A timely reminder of what farmers and landowners should know about the new laws around livestock worrying

A timely reminder of what farmers and landowners should know about the new laws around livestock worrying

Scotland’s picturesque landscapes are home to thriving agricultural communities, where farmers and crofters raise livestock amid rolling hills and lush pastures. However, the idyllic scene can quickly turn grim when dogs, often unintentionally, cause harm to these animals. It can’t go unnoticed that there has been an increased coverage of dogs on the news lately with the banning of XL bullies and reports of vicious dog attacks by out-of-control dogs. With lambing season just around the corner, and the hopes of improved weather meaning more walks in the countryside, it is important for farmers and landowners to know what rights they have when it comes to livestock worrying.


In response to rising incidents of livestock attacks, the Scottish Parliament enacted the Dogs (Protection of Livestock) (Amendment) (Scotland) Act 2021. Before the amendment, the original Dogs (Protection of Livestock) Act 1953 provided some safeguards against livestock worrying. However, as incidents increased, it became evident that stronger measures were necessary to protect both livestock and livelihoods. The 2021 amendment aimed to strengthen and update the existing law, with an increase in penalties and additional powers for the investigation and enforcement of the existing offence of livestock worrying. Let’s explore what this legislation means for those who work the land.

Key provisions relevant to landowners and farmers

  1. Increased penalties: The amended legislation significantly raises penalties for offenses related to livestock worrying. Those found guilty of livestock worrying can now be fined up to £40,000 or will be sent to prison for up to 12 months, or both. If they are convicted of an offence, the court will also have the power to make an order to disqualify a person from owning or keeping a dog during such period as the court sees fit.
  2. Defining livestock worrying: The Act explicitly defines “livestock worrying.” This clarity ensures that landowners and farmers can identify incidents accurately. Whether it’s a dog chasing sheep or causing physical harm, the law now provides a clear framework.
  3. Additional investigative powers: The Act grants authorities the power to investigate incidents promptly. For landowners, this means that when they report an incident, law enforcement can take swift action. The ability to seize dogs suspected of worrying livestock is a crucial tool in protecting farm animals.
  4. Authorisation for entry and search: Landowners and farmers can now collaborate more effectively with law enforcement. If an incident occurs on their property, officials have the authority to enter premises, search for evidence, and take appropriate action.
  5. Educational outreach: The legislation encourages responsible dog ownership. For landowners, this means engaging with local communities, dog owners, and schools to raise awareness about the impact of dogs on livestock. Education is key to preventing future incidents.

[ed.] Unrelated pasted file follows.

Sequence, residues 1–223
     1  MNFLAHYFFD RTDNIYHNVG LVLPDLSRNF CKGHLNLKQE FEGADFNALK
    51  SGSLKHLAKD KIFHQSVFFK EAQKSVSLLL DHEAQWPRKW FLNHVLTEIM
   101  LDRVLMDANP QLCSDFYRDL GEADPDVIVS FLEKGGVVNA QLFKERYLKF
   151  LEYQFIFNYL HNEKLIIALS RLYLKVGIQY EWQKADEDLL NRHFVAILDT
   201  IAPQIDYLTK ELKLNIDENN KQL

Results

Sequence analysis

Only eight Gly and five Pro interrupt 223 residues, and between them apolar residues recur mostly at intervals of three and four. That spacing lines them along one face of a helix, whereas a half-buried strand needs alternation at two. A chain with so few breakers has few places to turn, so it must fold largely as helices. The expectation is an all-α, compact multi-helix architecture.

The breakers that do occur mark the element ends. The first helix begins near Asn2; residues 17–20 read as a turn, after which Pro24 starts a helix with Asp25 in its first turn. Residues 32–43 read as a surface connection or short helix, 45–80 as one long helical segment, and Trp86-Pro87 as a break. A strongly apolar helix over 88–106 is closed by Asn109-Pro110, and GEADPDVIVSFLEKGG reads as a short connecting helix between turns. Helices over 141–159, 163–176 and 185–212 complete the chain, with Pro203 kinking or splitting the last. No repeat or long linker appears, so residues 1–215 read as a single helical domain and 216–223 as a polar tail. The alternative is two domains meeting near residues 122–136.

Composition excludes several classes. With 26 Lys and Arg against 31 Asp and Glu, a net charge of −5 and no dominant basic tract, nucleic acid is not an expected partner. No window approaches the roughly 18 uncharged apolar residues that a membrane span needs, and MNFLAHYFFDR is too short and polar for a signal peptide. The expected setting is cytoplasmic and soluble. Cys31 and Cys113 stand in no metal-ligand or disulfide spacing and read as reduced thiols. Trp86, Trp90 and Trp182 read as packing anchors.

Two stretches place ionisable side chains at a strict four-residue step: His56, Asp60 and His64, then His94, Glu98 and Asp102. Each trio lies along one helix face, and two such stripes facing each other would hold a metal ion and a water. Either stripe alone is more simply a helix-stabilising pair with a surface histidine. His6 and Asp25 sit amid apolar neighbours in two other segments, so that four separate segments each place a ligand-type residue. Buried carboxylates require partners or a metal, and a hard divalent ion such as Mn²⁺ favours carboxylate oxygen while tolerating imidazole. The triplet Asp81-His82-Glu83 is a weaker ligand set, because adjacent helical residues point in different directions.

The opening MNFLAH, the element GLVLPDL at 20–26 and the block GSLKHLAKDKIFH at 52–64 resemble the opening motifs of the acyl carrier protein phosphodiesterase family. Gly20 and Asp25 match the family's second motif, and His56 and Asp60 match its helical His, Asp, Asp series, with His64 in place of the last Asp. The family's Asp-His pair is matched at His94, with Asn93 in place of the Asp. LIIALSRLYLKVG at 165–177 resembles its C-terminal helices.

What this means for landowners and farmers

The legislation provides some reassurance to landowners and farmers as knowing that stronger penalties exist for offenders can bring peace of mind. When an incident occurs, landowners can expect action from law enforcement and therefore, it is vital that landowners and farmers should report any livestock worrying incident to Police Scotland so appropriate action can be taken. Only when these incidents are reported can the evidence be collected, and the case thoroughly investigated. Collaborating with authorities helps build an understanding of the full extent of the livestock worrying issue which will ultimately contribute to the overall safety of livestock and farming communities.

While the legislation is a step in the right direction, challenges do remain. Continued efforts are needed to educate the public about responsible dog ownership and the importance of preventing livestock worrying, and authorities must actively enforce the law, ensuring consistent penalties for offenders.

The Dogs (Protection of Livestock) (Amendment) (Scotland) Act 2021 represents a significant milestone in safeguarding Scotland’s rural communities. By increasing penalties, granting additional powers, and promoting awareness, it aims to strike a balance between protecting livestock and respecting the rights of dog owners. As we move forward, continued vigilance and cooperation will be essential to ensure the successful implementation of this vital legislation.

How we can help

If you’re a farmer or a landowner and you have questions in relation to a livestock worrying incident, we’re here to help. Please contact Sarah Cheape or your usual Anderson Strathern contact if you’d benefit from specialist advice on this topic.

You may also be interested in the following resources:

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